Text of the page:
3) Want their attraction to the eucharist to be met with an affirmation of their own Christian profession, not a denouncement of their evangelical journey and ignorance. In other words, while someone is on the way, be kind.
4) Want to have worship with intentional depth and seriousness in worship, not just something old and familiar to the regular residents. They like what they see, maybe more than some Lutherans (and Anglicans, etc) like it themselves.
5) Want leaders committed to missional outreach and evangelical, Gospel-centered ecumenism. Evangelicals aren’t attracted to your tradition to become less interested in evangelism and missions.
So whether you are talking about incredibly useful books or the entire tradition, there is a point at which Lutherans have to say, “We want to get this out to evangelicals. We want to build the bridge. We want to say we have something worthy reading and looking into…and we are willing to go the extra mile to get it to you.”
So what about The Lutheran Study Bible?
It’s not your ESV Study Bible and I can say that if you own both, there’s little overlap past the text, maps, concordance and very basic materials.
The LSB is full of things that aren’t in the ESVSB. Fewer essays and articles. More material scattered throughout the text, but not the “usual” study Bible kinds of “helps.” Trust me, they are quite unique.
Most impressive? The notes contain extensive theological reflections on Law and Gospel, the sacraments, the church and the Trinity. These are much more devotional and less purely technical. There are extensive quotes and references from the Church Fathers, Luther, Lutheran reformers, classic works of church history and contemporary Lutheran works, including excellent recent commentaries. It’s a wealth in information and a much greater variety in intention and kind than any other study Bible.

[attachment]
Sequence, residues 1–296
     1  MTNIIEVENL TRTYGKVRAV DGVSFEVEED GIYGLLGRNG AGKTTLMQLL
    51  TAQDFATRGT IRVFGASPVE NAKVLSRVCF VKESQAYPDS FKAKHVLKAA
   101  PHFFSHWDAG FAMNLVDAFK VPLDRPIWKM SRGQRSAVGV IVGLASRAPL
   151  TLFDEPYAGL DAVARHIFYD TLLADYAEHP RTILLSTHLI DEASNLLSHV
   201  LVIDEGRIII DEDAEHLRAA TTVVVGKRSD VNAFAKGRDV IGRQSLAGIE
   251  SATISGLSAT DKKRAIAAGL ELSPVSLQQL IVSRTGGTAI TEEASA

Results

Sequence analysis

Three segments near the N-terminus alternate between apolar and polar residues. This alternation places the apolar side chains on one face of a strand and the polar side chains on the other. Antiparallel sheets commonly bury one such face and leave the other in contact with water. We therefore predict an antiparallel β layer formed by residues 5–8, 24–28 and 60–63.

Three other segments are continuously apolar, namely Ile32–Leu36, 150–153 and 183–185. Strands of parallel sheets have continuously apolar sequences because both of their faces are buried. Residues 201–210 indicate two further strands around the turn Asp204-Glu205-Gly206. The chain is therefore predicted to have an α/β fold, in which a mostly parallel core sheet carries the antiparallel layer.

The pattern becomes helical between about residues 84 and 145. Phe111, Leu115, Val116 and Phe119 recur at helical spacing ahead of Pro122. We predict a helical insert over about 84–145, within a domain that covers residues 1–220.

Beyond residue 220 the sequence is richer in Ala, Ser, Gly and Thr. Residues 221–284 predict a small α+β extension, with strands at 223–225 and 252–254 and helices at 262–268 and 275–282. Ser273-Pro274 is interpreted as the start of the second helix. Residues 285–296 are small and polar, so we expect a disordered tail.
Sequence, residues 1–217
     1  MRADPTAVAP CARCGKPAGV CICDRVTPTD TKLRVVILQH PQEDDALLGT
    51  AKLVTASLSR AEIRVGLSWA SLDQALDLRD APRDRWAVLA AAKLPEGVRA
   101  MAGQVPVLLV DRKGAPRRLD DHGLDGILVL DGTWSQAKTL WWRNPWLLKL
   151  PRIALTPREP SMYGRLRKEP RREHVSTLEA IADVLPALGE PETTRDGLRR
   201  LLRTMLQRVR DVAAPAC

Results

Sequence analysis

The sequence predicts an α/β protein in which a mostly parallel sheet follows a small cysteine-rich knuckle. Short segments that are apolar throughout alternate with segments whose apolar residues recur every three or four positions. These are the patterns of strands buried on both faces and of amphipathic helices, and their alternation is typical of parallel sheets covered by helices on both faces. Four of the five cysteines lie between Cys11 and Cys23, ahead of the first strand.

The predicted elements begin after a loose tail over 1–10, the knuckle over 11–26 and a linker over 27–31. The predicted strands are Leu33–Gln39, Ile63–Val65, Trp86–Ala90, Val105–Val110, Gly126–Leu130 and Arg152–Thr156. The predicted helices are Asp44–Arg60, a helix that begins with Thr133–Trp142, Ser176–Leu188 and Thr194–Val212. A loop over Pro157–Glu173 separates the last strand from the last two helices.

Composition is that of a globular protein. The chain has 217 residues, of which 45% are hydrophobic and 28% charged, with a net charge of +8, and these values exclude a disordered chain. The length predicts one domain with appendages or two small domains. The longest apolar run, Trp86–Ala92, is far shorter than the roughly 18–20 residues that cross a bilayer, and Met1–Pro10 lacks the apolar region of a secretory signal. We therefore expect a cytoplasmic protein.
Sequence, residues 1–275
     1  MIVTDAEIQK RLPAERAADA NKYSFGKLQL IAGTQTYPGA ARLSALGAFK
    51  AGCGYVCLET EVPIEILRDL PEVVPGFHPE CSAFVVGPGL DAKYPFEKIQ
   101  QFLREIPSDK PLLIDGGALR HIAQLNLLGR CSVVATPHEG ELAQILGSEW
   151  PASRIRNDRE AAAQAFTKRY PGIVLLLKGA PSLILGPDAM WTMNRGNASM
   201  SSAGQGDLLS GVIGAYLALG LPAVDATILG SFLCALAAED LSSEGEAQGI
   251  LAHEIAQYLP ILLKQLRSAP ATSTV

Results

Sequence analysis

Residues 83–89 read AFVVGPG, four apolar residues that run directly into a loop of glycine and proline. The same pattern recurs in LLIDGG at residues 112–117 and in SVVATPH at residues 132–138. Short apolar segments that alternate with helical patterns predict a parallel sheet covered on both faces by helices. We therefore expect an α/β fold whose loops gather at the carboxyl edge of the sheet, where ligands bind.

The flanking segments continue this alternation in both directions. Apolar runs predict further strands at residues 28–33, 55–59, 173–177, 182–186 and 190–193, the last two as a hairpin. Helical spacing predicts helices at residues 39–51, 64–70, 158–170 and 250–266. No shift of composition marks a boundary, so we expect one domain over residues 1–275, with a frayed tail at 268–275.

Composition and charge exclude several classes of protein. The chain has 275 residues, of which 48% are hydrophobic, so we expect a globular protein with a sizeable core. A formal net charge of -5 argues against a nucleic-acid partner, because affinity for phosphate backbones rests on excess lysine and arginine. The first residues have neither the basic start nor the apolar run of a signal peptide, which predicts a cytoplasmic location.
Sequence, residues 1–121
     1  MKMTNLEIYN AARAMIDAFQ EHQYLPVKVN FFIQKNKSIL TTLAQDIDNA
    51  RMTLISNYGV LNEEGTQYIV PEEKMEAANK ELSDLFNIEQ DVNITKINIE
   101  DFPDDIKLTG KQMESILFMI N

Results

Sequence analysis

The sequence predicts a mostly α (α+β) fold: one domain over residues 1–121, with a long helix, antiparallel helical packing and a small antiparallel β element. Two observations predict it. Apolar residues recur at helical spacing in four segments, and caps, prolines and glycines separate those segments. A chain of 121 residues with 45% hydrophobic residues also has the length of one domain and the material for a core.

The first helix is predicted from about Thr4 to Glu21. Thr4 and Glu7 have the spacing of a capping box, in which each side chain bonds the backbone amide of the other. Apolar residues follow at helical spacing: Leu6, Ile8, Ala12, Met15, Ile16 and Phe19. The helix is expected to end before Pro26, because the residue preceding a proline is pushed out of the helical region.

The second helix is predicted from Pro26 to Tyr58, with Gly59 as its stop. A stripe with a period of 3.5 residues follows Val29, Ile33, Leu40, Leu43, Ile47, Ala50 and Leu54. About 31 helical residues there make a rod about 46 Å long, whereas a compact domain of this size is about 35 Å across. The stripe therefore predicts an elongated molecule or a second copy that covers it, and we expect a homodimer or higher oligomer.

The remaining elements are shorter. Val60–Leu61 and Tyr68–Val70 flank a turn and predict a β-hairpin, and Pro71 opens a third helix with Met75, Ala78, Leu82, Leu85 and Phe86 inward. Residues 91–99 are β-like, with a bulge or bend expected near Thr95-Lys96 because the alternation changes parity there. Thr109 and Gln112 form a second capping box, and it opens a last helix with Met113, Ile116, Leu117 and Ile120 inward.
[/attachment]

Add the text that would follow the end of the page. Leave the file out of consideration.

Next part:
This is a preacher’s Bible at more levels than the exegetical. It’s theological, practical, devotional and historical, as well as exegetical.
The helps are sometimes similar to the ESVSB, but others, like the essay on Law and Gospel, are quite unique. The maps and illustrations are not done as well as the ESVSB.
The hardback I have is similar in size to the Treasury of Daily Prayer. IOWs, it’s more of a square book. Very solid 2,000 pages.
The ESV text seems to be in slightly larger, more readable print than my other study Bibles. Those awful red letters are there, of course. The references are extensive, but not overwhelming. The introductions are….Lutheran, and very well done. Again, not duplicating other study Bibles. They are keyed to Lutheran and reformation interest in the Bible, especially thematically. There’s a constant focus on how all of scripture stresses Justification, Law/Gospel and salvation of God’s people by grace.
I’m enjoying getting to know my LSB a great deal, but why does it have “Lutheran” Study Bible on the cover? Why not “The Holy Scriptures: Lutheran Study edition” or something that doesn’t imply “For Lutherans only?” (Oh I know, but tell it to the people seeing it on the shelf who aren’t Lutheran. Why would they pick it up? Do you pick up “The Charismatic Study Bible?”
I’m sure I’ve made everyone mad, but this study Bible is a fine achievement alongside the other amazing pieces of the “Lutheran Spirituality and Worship Toolbox.”
Thanks to New Reformation Press, Pirate Christian Radio, Issues, Etc and others who are doing a great job changing the Lutheran presence in the wider evangelical culture. May they have every success. If NRP get the LSB in soon, buy it from them.